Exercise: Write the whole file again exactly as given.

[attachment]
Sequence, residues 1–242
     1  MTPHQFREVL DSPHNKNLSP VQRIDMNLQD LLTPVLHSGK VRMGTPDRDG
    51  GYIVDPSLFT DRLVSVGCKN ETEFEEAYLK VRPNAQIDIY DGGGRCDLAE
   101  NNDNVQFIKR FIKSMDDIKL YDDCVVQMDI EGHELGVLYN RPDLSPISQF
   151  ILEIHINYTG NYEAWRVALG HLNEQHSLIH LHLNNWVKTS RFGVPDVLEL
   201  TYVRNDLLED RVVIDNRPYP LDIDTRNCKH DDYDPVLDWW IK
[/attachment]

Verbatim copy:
Sequence, residues 1–242
     1  MTPHQFREVL DSPHNKNLSP VQRIDMNLQD LLTPVLHSGK VRMGTPDRDG
    51  GYIVDPSLFT DRLVSVGCKN ETEFEEAYLK VRPNAQIDIY DGGGRCDLAE
   101  NNDNVQFIKR FIKSMDDIKL YDDCVVQMDI EGHELGVLYN RPDLSPISQF
   151  ILEIHINYTG NYEAWRVALG HLNEQHSLIH LHLNNWVKTS RFGVPDVLEL
   201  TYVRNDLLED RVVIDNRPYP LDIDTRNCKH DDYDPVLDWW IK